The Call, by John Hersey (Penguin, $8.95). In 1905 New Englander David Treadwell goes to imperial China as a missionary and for the next 50 years struggles to convert, to teach and, above all, to improve. In the end, he loses his Christian faith but not his devotion to the great country to which he has pledged his life. Hersey tells in human terms the appalling price of China's poverty and records in magnificent detail the pragmatism and idealism the best of the American missionaries brought to their task. A long novel (771 pages) and a passionate celebration of the human spirit.

The Beans of Egypt, Maine , by Carolyn Chute (Warner, $3.50). Carolyn Chute first startled the fiction readers of America with this latter-day Cold Comfort Farm early last year. Residents of Maine haven't gotten over it yet, so scathing is her depiction of the deprived rural underclass of that state. We meet the swarming tribe of Beans, "the Bean kids and the Bean babies," Cousin Rubie, Marie, Aunt Roberta and the doomed crazy Beal through the auspices of respectable little Earlene Pomereau, who is so messmerized by Beal that she finally marries him and becomes a Bean herself. The Beans' existence is squalid, violent and degraded but the novel itself is as exhilarating as a shot of whiskey.

Hard Money , by Michael M. Thomas (Warner, $4.95). In this tale of high finance and high society, a retired television mogul tries to regain control of the giant network he founded, in the process defying his son and the president of the United States. The glittering scenes of the super-rich at play are particularly juicy. The author wrote Green Monday.

The Only Daughter , by Jessica Anderson (Random House, $5.95). This Australian novel of manners and morals, set in 1970s Sydney, is interesting on two levels. First, there is the page-turning intricacy of its plot, advanced by trenchant dialogue and a full house of wrangling characters. Old Jack Cornock has suffered a massive stroke and his extended family gathers around to speculate, behind his back, about the disposition of his will. To nearly everyone's dismay, his only daughter and favorite child, Sylvia, returns home after 20 years in Europe; but Sylvia becomes the quiet moral center of the book. On another level, The Only Daughter offers a profound, bitter and intelligent debate about contemporary Australian urban life, from its architecture to its ethics, and is not always sanguine in its conclusions.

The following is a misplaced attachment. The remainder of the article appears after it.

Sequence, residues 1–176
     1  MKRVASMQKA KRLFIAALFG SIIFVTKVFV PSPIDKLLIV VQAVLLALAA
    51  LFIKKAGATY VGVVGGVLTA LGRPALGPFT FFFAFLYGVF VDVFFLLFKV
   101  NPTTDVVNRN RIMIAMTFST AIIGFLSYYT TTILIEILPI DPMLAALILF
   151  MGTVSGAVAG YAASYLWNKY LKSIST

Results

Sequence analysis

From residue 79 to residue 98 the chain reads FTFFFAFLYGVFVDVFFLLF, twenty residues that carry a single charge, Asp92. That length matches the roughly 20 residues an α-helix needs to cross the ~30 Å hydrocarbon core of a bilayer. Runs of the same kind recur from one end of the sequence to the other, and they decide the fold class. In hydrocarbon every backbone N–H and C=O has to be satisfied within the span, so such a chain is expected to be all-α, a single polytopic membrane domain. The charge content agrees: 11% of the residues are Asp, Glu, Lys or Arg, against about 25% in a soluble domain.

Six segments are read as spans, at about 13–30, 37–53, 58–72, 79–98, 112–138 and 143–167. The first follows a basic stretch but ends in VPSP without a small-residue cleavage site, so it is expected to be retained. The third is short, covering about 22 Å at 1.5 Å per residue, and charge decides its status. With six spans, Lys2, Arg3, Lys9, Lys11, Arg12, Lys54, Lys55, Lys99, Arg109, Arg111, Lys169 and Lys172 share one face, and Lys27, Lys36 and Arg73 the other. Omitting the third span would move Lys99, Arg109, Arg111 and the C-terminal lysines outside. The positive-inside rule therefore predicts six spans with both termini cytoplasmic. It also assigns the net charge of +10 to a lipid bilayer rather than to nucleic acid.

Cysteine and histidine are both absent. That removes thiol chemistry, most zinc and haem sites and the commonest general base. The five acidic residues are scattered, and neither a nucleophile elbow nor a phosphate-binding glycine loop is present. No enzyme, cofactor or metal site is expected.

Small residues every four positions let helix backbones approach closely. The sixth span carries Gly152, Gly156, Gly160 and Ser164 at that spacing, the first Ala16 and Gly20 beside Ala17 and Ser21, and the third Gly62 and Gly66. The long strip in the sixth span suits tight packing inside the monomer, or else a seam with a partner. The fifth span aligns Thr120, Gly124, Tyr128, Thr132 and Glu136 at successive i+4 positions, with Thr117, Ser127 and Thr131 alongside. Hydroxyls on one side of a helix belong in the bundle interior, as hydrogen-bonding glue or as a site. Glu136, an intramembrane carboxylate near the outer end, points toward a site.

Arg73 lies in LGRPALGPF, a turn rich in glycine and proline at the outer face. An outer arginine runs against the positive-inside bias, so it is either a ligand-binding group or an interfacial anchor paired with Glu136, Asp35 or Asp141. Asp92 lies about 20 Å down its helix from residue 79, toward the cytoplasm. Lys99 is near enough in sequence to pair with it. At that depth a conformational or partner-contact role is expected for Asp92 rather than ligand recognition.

The Bridge of San Luis Rey , by Thornton Wilder (Harper & Row, $4.95). This well-loved novel, winner of a Pulitzer Prize nearly 60 years ago, begins with one of the classic opening lines of modern American fiction: "On Friday noon, July the twentieth, 1714, the finest bridge in all Peru broke and precipitated five travellers into the gulf below." For Brother Juniper, a little monk who witnesses the tragedy, the great question is "Why did this happen to those five? . . . If there were any pattern in a human life, surely it could be discovered mysteriously latent in those lives so suddenly cut off." The rest of the novel chronicles Brother Juniper's researches in Wilder's incomparable, lapidary prose.

The Snowblind Moon: Part One: Between the Worlds , by John Byrne Cooke (Tor, $3.95). The author's heroic novel about the last days of the Plains Indians is being published in three sections. In Part I, frontier Wyoming, from its remote cattle ranches to its scattered Indian villages, awaits the arrival of federal troops. They march to compel the Indians to return to their reservations, but meanwhilefierce winter storms force all parties to endure the terrible hardships. THis is the real West, not the romantic one, as chronicled by a knowledgeable and superior storyteller. NONFICTION